Take the coordinates of the offence.

If you have the capacity on your sat-nav or smart phone, take the exact longitude and latitude coordinates of the point from where the incident was said to have taken place.

If you do decide to challenge the allegation, it may be months before it is heard in court.  You may not remember exactly the point in the road where it occurred.  Long country roads in particular start to look the same.

Measure the distance from the testing site.

Try to assess the distance you would have travelled from when the officer first observed you and started their test. This distance is relevant depending on the speed that is alleged and accordingly, the available time the police officer had to conduct the test.

Therefore, consider the following –

  1. What is the maximum sighting distance that the officer had from where he was standing or where his vehicle was parked?
  2. From the maximum sighting distance how far had you travelled when the test was finished? Roughly work that out from when the officer stepped out onto the road or when they turned their lights on if facing you or if you get shown the reading on the lidar.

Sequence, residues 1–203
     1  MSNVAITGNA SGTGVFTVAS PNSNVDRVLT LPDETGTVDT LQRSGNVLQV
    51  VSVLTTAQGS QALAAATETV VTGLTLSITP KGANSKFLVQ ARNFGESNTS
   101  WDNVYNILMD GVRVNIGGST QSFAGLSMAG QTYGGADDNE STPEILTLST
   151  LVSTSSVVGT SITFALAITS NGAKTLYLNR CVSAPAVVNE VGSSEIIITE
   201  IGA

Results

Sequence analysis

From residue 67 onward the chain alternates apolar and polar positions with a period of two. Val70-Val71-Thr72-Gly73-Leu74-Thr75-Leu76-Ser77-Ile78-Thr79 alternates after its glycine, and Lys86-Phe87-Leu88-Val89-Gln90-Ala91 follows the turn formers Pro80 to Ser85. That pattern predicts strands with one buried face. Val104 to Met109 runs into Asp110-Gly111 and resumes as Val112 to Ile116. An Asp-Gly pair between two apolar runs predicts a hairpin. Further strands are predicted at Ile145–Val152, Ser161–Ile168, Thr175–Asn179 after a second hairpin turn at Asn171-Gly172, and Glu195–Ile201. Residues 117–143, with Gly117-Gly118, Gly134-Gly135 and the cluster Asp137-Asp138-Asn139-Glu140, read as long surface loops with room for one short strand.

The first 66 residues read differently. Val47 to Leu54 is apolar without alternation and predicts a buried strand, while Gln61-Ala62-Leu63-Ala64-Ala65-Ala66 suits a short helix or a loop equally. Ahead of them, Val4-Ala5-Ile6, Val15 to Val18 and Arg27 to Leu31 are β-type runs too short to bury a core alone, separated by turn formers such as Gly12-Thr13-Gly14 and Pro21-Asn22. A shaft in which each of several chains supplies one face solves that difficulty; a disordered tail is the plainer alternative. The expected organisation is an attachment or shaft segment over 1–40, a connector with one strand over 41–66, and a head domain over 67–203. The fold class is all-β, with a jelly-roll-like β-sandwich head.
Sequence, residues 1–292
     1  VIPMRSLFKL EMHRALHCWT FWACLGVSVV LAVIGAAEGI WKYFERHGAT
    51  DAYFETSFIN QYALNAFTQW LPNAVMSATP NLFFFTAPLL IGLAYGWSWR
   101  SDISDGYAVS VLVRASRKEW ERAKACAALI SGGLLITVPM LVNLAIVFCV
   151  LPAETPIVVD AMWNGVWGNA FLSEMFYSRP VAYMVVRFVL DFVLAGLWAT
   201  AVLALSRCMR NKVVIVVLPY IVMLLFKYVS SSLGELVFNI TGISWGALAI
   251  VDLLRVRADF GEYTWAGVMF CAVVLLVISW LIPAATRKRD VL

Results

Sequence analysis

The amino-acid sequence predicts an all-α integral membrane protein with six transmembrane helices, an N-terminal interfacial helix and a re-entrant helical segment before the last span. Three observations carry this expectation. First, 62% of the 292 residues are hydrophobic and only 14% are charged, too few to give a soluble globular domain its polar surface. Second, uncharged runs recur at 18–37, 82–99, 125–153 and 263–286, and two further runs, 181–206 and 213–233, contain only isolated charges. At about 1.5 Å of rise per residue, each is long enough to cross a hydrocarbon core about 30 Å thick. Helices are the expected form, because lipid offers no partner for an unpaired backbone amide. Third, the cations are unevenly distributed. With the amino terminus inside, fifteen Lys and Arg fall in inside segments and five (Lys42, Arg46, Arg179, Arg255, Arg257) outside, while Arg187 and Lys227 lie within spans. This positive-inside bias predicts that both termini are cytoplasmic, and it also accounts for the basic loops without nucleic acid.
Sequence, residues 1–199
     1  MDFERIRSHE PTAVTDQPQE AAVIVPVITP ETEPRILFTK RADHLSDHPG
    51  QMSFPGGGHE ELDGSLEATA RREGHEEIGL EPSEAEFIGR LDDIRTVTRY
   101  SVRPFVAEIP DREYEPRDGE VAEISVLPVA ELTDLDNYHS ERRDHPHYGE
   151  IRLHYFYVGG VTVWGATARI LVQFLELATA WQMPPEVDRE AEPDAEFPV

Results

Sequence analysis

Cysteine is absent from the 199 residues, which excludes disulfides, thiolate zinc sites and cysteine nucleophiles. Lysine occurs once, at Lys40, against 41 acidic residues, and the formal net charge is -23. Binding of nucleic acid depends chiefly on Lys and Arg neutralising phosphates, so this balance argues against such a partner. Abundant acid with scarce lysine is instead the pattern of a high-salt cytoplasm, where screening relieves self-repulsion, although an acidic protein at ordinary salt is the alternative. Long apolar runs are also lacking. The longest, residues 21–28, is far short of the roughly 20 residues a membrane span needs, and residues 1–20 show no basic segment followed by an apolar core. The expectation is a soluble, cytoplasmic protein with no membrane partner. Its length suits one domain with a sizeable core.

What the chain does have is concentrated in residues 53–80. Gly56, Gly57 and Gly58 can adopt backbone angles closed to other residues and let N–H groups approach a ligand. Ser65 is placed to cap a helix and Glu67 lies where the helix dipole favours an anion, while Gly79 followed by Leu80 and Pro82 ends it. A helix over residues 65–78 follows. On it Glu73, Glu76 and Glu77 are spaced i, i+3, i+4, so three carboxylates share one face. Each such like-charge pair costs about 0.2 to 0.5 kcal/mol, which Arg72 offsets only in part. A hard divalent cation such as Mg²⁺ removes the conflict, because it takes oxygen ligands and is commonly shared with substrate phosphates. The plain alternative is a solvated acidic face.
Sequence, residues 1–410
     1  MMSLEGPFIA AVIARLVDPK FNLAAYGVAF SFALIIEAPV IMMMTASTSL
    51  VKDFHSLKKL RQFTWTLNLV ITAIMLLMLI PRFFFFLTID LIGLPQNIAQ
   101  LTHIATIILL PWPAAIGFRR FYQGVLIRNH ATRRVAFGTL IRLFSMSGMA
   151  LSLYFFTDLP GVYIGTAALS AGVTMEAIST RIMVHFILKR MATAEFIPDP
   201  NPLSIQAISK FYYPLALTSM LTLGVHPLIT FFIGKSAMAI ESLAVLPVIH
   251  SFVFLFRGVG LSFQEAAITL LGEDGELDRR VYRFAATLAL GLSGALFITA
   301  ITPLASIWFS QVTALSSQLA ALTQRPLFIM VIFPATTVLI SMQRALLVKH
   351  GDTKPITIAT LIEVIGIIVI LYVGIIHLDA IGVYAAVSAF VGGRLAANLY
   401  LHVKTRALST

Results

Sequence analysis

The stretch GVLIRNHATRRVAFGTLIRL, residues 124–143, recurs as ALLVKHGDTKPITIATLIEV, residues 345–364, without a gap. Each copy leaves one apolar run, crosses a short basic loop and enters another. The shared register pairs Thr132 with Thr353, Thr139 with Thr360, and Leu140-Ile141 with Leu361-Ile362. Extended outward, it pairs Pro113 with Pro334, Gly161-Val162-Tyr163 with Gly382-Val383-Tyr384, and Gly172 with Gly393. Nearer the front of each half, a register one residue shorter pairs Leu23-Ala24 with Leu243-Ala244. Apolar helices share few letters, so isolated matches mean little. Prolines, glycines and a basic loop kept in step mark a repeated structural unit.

3. If the police officer was mobile, estimate the distance either when they turned their lights on as they are approaching or at the worst, the cross over point. This is the point at which they passed your motorcycle and they no longer should be getting a return from your vehicle.

You now have some good information if you decide to seek expert legal advice regarding your allegation of speeding.

How the police measure your speed

Generally, the NSW Police use four methods by which to assess speed (for the moment excluding fixed and mobile speed cameras) listed here in descending order of accuracy:


  1. The Lidar – this is a gun like object which projects a laser beam.  The police officer aims it at an alleged specific target.
  2. The in-car radar – the radar is attached to the police car and operates by way of a Doppler beam.
  3. The check speed – where the police officer following you assesses your speed by using the digital speedometer in their car, which essentially shows their speed and may not be yours.
  4. Police officers estimate – based on the evidence a police officer, will give stating that in his/her opinion you were travelling at a certain speed. There is no objective measurement of your speed in this instance.

Often the police will use one of the first 3 methods above combined with their estimate.


The MCC of NSW has more information here regarding road traffic law in a series of questions and answers.

As always, safe riding.


The article as written is for your information and interest only and is based on New South Wales law only. It is not intended to be comprehensive and does not constitute and must not be relied on as legal advice. Please be aware that every case is different, and the matters raised may not be of specific relevance to your situation but may have a general application.  You must seek specific advice tailored to your circumstances.